Statement by H.E. Mr. Kazuo Kodama,
Deputy Permanent Representative of Japan to the United Nations,
at the Debate of the Security Council on Haiti
October 3, 2012
I would like to express my appreciation to H.E. Mr. Harold Osberto Caballeros López, Minister for Foreign Affairs of the Republic of Guatemala, for chairing this debate. I also pay tribute to the men and women of MINUSTAH for the commitment and fortitude they have demonstrated under difficult circumstances.
I welcome the Secretary-General’s Report on MINUSTAH, issued on August 31. As the report mentions, MINUSTAH personnel have shown continued dedication and commitment in support of the recovery and stability of Haiti, and for that we commend them and the concrete results they have achieved. Based on the situation, we welcome the fact that MINUSTAH is refocusing its efforts on longer-term stabilization and development.
The international community acknowledges and welcomes the progress that has been made in the recovery of Haiti. Since the earthquake in 2010, more than ten million cubic meters of debris have been removed and the number of IDPs has been reduced by more than 75 percent. As the Secretary General’s report points out, reconfiguration and consolidation of MINUSTAH warrants consideration. Now that more than two and a half years have passed since the deadly earthquake, the necessity and significance of the Mission remains high but the needs of the Haitian people have shifted. Haiti has made remarkable progress since Japan pledged 100 million U.S. dollars for emergency relief and reconstruction for Haiti in 2010. In fact, Japan has actually already disbursed an amount exceeding this original pledge.
In recognition of such progress on the ground, in July, the Government of Japan decided it would start a wind-up phase of the operations of the Japan Ground Self Defense Force’s engineering unit in Haiti, with its eventual departure from MINUSTAH. As Haiti is now entering the reconstruction process, we believe that Haiti has reached a stage where the role of our Self Defense Force unit is in decreased need. The number of personnel who have served in the Japanese contingent since its beginning now totals approximately 2,200. The contingent has made contributions to the recovery of Haiti through various efforts, such as the removal of rubble, dismantling of damaged buildings, repair of facilities in IDP camps, road repair, construction of orphanage facilities and water distribution in response to the outbreak of cholera.
In spite of the progress made on the road to recovery, it is certain that Haiti will still be forced with the need to improve its basic infrastructure services such as roads, electricity, and potable water and with social services including access to education and medicine. High levels of unemployment and delinquency problems also exist. Many challenges still remain for Haiti concerning its recovery, reconstruction and development. International support will still be needed.
However, we acknowledge the fact that Haiti has been making serious efforts towards its reconstruction and we are convinced that Haiti will do its utmost in achieving most of its recovery on its own. President Martelly has said he puts priority on five “E”s: Education, Employment, Environment, Establishment of the rule of law and Energy.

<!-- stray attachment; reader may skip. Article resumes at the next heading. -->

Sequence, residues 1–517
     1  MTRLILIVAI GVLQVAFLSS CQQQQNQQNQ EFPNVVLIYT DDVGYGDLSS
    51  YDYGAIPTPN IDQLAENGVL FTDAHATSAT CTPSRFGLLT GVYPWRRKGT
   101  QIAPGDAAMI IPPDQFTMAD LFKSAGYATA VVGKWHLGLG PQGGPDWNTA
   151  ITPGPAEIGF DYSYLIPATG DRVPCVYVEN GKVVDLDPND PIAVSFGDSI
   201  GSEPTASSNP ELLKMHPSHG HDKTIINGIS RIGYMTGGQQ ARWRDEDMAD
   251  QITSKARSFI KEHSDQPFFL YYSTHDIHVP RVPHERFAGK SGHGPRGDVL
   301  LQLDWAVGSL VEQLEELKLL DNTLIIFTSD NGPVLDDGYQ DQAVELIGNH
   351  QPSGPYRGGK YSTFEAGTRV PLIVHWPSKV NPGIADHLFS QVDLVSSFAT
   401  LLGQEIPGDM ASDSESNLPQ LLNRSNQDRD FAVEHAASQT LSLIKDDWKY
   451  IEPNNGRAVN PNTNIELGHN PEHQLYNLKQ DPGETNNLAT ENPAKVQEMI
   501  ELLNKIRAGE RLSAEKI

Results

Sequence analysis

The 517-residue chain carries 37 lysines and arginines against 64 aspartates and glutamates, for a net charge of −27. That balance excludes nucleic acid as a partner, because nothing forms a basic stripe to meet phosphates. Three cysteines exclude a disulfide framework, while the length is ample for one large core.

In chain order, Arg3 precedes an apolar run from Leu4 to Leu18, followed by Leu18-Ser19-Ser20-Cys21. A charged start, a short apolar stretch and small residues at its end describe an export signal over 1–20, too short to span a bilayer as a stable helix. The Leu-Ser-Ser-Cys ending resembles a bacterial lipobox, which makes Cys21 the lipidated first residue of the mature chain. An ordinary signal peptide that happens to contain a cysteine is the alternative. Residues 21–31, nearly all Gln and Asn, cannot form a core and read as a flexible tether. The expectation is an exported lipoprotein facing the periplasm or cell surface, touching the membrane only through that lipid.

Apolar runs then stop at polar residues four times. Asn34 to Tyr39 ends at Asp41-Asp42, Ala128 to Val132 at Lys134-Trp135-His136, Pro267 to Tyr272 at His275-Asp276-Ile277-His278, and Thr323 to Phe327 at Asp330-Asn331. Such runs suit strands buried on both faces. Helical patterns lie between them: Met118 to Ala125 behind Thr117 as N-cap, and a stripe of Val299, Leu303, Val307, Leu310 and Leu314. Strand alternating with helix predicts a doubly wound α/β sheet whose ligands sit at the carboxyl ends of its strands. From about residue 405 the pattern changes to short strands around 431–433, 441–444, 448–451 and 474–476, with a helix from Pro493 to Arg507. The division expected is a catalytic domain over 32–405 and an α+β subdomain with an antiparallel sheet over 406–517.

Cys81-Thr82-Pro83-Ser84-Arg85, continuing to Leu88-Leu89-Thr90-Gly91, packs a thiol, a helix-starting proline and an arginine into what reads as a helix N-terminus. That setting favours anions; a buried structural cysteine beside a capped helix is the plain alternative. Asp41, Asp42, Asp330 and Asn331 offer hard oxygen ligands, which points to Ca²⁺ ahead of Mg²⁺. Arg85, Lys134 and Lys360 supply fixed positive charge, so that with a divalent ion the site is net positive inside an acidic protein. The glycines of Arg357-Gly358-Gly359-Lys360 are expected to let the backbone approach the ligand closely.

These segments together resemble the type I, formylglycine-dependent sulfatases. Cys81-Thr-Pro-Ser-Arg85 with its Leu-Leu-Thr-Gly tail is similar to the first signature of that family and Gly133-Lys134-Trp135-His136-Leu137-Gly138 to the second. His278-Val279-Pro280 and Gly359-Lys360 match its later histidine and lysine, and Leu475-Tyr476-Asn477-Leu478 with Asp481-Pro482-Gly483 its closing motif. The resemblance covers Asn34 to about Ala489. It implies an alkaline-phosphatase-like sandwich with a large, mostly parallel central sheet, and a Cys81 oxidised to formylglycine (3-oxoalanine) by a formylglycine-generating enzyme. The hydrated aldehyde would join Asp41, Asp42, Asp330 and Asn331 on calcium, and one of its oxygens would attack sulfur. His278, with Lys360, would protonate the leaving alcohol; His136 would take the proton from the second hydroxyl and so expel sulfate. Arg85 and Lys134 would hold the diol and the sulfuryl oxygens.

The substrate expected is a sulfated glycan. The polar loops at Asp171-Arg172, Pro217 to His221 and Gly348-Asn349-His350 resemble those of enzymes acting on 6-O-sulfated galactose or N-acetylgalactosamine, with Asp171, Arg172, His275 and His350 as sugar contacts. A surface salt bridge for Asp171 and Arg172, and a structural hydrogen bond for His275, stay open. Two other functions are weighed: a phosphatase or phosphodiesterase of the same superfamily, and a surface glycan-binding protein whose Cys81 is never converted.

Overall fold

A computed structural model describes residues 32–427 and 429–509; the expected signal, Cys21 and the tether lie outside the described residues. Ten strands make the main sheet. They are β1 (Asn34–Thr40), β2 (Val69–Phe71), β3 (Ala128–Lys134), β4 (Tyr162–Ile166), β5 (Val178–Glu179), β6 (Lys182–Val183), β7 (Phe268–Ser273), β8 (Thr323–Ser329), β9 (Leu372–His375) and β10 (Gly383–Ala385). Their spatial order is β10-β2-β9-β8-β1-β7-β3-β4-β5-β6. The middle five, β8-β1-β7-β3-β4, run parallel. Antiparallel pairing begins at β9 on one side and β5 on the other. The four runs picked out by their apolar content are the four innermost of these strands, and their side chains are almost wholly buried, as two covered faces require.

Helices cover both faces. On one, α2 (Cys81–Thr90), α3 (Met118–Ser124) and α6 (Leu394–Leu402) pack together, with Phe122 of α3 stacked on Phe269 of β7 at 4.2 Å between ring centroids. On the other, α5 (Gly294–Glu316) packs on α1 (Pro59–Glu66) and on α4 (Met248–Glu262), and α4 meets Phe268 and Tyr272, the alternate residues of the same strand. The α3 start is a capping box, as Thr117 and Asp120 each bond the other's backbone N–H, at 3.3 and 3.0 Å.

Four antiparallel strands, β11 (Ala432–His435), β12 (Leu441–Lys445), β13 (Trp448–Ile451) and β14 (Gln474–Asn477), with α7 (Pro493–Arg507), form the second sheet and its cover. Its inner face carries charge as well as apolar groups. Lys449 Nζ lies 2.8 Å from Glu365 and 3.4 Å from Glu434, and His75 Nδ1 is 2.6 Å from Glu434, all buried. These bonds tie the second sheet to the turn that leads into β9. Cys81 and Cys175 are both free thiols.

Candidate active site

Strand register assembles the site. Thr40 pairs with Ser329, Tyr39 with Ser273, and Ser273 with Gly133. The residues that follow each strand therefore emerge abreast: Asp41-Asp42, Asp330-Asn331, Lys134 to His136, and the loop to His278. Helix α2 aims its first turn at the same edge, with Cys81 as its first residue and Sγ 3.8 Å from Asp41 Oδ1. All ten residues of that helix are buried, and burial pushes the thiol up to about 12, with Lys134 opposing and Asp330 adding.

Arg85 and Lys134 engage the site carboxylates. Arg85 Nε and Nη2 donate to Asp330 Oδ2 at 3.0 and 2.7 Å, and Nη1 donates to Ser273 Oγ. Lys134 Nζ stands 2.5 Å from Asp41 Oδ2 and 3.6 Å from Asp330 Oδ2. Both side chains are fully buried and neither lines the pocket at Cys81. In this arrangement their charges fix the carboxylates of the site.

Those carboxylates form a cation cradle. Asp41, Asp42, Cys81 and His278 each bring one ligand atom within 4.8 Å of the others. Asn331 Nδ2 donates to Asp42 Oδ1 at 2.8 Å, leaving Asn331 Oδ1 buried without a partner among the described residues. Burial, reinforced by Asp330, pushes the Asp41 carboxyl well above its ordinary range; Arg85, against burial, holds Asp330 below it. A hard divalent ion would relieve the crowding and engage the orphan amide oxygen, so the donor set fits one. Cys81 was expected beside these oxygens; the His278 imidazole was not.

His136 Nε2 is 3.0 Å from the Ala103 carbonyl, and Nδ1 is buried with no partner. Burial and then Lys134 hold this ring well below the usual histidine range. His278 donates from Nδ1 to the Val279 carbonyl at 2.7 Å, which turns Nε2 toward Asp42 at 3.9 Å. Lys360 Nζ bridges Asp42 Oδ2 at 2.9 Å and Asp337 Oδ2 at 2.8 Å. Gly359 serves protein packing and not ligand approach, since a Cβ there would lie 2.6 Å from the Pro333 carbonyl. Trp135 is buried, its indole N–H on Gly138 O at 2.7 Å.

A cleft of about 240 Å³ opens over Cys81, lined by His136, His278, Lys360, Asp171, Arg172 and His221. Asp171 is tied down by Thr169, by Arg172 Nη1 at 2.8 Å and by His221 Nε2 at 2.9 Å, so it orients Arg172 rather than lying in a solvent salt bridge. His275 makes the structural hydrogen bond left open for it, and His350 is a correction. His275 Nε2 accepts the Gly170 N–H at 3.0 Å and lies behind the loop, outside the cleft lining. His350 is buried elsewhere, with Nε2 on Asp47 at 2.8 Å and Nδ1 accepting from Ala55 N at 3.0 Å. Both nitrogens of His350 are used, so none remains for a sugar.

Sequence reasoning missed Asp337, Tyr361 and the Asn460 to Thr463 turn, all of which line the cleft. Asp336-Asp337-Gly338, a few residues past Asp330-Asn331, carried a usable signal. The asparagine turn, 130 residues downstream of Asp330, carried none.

We welcome Haitian efforts in the area of strengthening the rule of law and improvement of the security situation and Japan expects Haiti to continue its efforts not only in these areas but also by reducing poverty and ensuring the welfare of all Haitian people.
We also welcome the publication of a corrected version of the constitutional amendments and the establishment of the Superior Council of the Judiciary. We also urge all relevant political actors in Haiti to continue their dialogue and cooperation towards the establishment of a Permanent Electoral Council. Japan expects the next election in Haiti will be carried out in a peaceful and democratic manner.
It is our hope that the rehabilitation and reconstruction efforts in Haiti will thus be further accelerated under the leadership of President Martelly and Prime Minister Lamothe, along with Your Excellency, the Minister of Foreign Affairs of Guatemala, Caballeros López.
Even after the withdrawal of its engineering unit, Japan intends to continue our support for Haiti. The contributions made by the engineering units of Japanese Self Defense Force include human resource development for Haitian citizens through sharing expertise to make use of civil engineering equipment. In addition, we are now considering the possibility to grant such equipment to Haitian government. Now, the time has come for us to shift from fast-acting support to long-lasting contributions. Through these efforts, we will continue to support Haiti’s reconstruction and development, by providing training in basic social services such as health, hygiene and education.
As you are aware Mr. President, almost one and a half years have passed since the Great East Japan Earthquake struck Japan on 11 March last year. We are most grateful that the people in Haiti expressed the sense of solidarity with Japanese people, as we embark on similar endeavors. I am confident that both Haiti and Japan, in close collaboration with the international community, will overcome these difficulties through mutual encouragement and steadfast efforts for a brighter future.
I thank you.